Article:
Vulnerable Senate Dem touts opposition to NSA

Sen. Mark UdallMark Emery UdallKennedy apologizes for calling Haaland a 'whack job' OVERNIGHT ENERGY: Haaland courts moderates during tense confirmation hearing | GOP's Westerman looks to take on Democrats on climate change | White House urges passage of House public lands package Udalls: Haaland criticism motivated 'by something other than her record' MORE (D-Colo.) is using his opposition to the National Security Agency’s surveillance programs to gain an edge over his Republican challenger.

Udall's campaign on Thursday released a new online advertisement that highlights his role as one of the largest critics of the embattled spy agency in Congress.


The ad is Udall’s first to tout his record as an NSA critic in the race against Rep. Cory GardnerCory GardnerBiden administration reverses Trump changes it says 'undermined' conservation program Gardner to lead new GOP super PAC ahead of midterms OVERNIGHT ENERGY: Court rules against fast-track of Trump EPA's 'secret science' rule | Bureau of Land Management exodus: Agency lost 87 percent of staff in Trump HQ relocation | GM commits to electric light duty fleet by 2035 MORE (R-Colo.) and could signal a focus on privacy issues in the hotly contested Senate race.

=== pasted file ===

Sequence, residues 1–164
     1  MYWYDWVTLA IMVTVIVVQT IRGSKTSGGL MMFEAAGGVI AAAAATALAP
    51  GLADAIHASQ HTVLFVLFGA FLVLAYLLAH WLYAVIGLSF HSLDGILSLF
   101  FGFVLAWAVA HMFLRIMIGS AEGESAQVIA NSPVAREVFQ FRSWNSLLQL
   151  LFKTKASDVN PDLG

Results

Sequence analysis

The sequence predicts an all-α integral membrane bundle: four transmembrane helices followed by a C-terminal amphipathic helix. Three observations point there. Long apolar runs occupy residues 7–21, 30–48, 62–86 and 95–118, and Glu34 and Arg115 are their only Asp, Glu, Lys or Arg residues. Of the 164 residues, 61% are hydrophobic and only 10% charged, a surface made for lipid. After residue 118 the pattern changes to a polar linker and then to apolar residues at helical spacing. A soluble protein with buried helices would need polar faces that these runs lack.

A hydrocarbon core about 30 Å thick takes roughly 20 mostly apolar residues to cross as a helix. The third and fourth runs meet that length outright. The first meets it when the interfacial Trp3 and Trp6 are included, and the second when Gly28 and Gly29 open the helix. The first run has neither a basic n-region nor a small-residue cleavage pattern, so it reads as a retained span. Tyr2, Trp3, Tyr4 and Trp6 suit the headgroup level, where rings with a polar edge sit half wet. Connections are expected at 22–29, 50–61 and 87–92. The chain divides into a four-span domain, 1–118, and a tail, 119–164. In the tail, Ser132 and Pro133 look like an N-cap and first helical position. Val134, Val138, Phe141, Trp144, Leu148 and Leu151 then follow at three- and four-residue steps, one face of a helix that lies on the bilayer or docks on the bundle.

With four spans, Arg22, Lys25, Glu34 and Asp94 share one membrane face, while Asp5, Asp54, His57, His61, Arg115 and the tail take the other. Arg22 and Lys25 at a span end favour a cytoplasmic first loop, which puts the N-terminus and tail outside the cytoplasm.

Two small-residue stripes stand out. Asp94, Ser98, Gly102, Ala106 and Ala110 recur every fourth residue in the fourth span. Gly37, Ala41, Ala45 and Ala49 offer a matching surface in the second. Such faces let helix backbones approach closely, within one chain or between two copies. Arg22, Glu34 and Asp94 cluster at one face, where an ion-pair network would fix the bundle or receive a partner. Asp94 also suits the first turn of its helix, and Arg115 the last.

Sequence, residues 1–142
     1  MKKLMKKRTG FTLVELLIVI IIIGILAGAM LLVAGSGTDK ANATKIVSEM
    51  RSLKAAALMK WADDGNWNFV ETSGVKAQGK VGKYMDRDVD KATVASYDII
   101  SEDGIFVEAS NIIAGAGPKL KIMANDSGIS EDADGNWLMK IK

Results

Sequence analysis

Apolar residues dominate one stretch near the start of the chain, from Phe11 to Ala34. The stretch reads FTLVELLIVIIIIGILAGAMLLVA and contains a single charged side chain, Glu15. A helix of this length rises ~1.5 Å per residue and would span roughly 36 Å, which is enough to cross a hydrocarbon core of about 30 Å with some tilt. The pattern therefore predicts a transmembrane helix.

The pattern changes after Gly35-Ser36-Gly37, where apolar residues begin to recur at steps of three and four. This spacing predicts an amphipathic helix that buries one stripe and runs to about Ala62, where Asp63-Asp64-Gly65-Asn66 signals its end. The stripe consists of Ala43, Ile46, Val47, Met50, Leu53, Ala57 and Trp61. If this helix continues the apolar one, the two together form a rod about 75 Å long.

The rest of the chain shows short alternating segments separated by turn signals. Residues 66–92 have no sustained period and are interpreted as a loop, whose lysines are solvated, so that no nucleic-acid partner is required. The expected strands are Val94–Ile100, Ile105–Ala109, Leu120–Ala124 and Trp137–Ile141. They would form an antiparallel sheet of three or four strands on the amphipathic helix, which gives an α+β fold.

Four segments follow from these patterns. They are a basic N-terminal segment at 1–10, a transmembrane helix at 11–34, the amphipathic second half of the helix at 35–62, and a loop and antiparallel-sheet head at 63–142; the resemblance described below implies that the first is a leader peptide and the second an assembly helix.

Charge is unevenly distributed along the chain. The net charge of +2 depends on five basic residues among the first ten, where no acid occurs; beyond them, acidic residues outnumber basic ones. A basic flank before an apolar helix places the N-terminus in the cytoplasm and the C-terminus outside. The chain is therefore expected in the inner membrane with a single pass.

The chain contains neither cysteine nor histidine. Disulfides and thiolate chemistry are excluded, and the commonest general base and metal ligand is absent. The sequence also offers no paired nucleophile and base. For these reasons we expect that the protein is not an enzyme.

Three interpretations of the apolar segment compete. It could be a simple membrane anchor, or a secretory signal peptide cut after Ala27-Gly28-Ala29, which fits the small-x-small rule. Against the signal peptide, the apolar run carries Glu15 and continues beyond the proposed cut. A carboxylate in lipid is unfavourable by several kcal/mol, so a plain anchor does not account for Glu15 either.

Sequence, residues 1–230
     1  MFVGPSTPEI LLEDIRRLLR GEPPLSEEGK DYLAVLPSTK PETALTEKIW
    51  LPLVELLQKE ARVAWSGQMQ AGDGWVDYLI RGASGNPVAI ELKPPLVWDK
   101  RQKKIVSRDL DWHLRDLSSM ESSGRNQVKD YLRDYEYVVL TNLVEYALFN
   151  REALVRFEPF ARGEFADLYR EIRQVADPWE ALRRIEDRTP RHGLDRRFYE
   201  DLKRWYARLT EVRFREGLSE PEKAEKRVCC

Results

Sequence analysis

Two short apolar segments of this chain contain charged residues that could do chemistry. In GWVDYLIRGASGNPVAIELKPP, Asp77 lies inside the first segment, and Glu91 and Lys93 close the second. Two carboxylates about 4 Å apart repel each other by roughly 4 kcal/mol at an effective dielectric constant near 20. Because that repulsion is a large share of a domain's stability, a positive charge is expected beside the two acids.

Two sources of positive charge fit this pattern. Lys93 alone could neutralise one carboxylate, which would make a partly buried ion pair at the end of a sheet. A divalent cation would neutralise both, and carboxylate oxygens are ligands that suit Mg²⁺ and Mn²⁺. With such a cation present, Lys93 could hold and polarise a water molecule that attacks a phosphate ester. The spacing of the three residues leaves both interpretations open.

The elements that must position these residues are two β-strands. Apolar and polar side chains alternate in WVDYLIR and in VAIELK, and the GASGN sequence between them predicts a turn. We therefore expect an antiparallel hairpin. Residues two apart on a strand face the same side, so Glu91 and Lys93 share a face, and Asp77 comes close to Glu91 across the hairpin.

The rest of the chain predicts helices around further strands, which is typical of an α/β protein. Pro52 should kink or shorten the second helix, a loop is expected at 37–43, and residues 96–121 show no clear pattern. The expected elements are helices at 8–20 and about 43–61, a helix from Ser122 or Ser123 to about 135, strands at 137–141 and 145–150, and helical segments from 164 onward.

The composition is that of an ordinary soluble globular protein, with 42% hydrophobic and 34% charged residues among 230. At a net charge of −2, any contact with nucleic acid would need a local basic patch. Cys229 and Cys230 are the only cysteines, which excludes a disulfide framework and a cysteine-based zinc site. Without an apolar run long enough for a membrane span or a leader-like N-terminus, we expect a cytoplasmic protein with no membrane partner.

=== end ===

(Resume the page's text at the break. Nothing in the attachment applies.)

“We’ve got to keep our eye on government, or government winds up with its eyes on us," Udall said in the ad, speaking to the camera from a clean office space. "Mass collection of our phone and Internet records started under a Republican president and continued under a Democratic one."

Amid clips from a number of news interviews, Udall added that he “won’t tolerate it.”

“I’ve helped force their spying on Americans out into the open,” he said. “As Coloradans, our rights include the freedom to be left alone.”

Udall, a member of the Senate Intelligence Committee, has been a vocal critic of the NSA’s bulk collection of Americans’ phone records, as well as the agency’s use of a “backdoor” legal authority to collect emails, online chats and other Internet communications.

When Senate Judiciary Committee Chairman Patrick Leahy (D-Vt.) introduced a bill to reform the spy agency earlier this summer, Udall was one of two Senate Democrats to criticize it for not going far enough. 

To date, however, Udall’s reelection campaign has largely shied away from talking about the NSA. Instead, the contest has focused on issues including energy and birth control, though Udall has also focused on turning out Hispanic voters in the state.

Udall has maintained a single-digit lead over Gardner in many recent polls, but the race is extremely competitive, and the outcome could determine whether Democrats retain a majority in the Senate.